Blair is the only Labour PM in the last 45 years. I know he is often derided now, but the speech he gave yesterday about the current health of the party is spot on.

Rekindling the politics of yesteryear that won nothing is pointless.

I’m not asking for New Labour, but I’m asking for a ‘new’ Labour. The current agenda and those pedalling it will not return the party to power.
 

Xun

Member
Oct 25, 2017
1,006
London
Not necessarily a ‘lurch’ to the right, but movement in that direction. I’m aware New Labour is dead and isn’t coming back.

But I think there could be a compromise somewhere between Blair and Corbyn.

However, looking at the leadership candidates, I think the party is doomed.

I quite like Starmer and while part of me understands his recent comments about New Labour moving too far away from the party’s traditional position, I think he has to acknowledge that platform won three back-to-back majorities.

Blair is the only Labour PM in the last 45 years. I know he is often derided now, but the speech he gave yesterday about the current health of the party is spot on.

Rekindling the politics of yesteryear that won nothing is pointless.

I’m not asking for New Labour, but I’m asking for a ‘new’ Labour. The current agenda and those pedalling it will not return the party to power.
Blair won since he got into bed with Murdoch.

He won, sure, but that wasn’t down to Labour being more right-wing.
 

Mr.Fletcher

Member
Nov 18, 2017
2,187
Blair won since he got into bed with Murdoch.

He won, sure, but that wasn’t down to Labour being more right-wing.
It was a combination of both and whoever is the next leader would do well to recognise that Labour need to build bridges with the media.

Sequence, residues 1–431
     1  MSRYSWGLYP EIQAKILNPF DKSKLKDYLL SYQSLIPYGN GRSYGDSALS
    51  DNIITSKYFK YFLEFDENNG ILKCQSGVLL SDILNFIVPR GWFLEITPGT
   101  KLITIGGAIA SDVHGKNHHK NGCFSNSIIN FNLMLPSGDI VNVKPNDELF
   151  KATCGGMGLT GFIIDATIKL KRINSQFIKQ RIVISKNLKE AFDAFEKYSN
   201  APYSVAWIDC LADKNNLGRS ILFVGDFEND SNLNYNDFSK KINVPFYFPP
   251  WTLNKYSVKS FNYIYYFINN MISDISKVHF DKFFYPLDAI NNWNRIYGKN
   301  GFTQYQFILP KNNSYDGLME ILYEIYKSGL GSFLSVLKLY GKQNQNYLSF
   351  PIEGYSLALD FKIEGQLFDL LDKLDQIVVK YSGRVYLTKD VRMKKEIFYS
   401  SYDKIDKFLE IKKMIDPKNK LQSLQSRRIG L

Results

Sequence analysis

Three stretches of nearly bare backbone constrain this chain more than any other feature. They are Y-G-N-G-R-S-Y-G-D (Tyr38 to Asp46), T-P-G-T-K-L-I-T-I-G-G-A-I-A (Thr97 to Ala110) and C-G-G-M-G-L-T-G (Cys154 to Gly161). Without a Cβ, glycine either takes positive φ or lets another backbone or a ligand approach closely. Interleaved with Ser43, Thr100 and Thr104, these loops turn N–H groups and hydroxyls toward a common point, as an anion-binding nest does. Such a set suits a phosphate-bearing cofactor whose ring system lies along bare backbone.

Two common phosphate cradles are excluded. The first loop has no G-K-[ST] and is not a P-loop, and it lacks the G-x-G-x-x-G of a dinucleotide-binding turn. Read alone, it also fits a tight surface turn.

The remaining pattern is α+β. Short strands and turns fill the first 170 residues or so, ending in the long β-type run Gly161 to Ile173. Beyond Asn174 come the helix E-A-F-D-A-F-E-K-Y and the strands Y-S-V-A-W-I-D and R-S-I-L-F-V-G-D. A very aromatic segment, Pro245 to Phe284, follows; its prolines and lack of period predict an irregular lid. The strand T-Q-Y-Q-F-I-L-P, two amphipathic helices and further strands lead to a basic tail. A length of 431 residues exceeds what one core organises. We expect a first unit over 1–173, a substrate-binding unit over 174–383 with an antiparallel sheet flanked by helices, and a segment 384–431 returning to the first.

Blair won centre-right votes, dominated the centre ground and hoovered up votes on the left. He was in power for 10 years because he was deemed credible enough on the economy by Tory voters and progressive enough by much of the left.

The media is a tool. Labour need to remember that.
 

SMD

Member
Oct 28, 2017
5,125
Imagine watching the last 15 years and thinking "what we need is more right wing policies".
 

ronpontelle

Member
Oct 27, 2017
587
Labour still need to be pragmatic.

I've seen plenty of people just saying 'no' to any compromise, dismissing almost any shift in policy as centrism and seemingly not dealing with the reality.

To say Blair's electoral success was all due to media and not to policy is just naive.

And I'm not saying that Labour need to go back to Blair. Or become centrists. However without some compromise, we'll all be able to bitch from the sidelines and take moral high ground, while the Tories run the country for years and years.
 

PJV3

Member
Oct 25, 2017
7,575
London
I remember Thatcher switching away from traditional industry, those towns haven't recovered
Now the Tories are switching away from the strategy of gateway to europe that replaced it.

Labour need to come up with ideas and a plan, being in the centre or modifying what ever the tories dream up or not is nothing.
 

SMD

Member
Oct 28, 2017
5,125
Labour still need to be pragmatic.

I've seen plenty of people just saying 'no' to any compromise, dismissing almost any shift in policy as centrism and seemingly not dealing with the reality.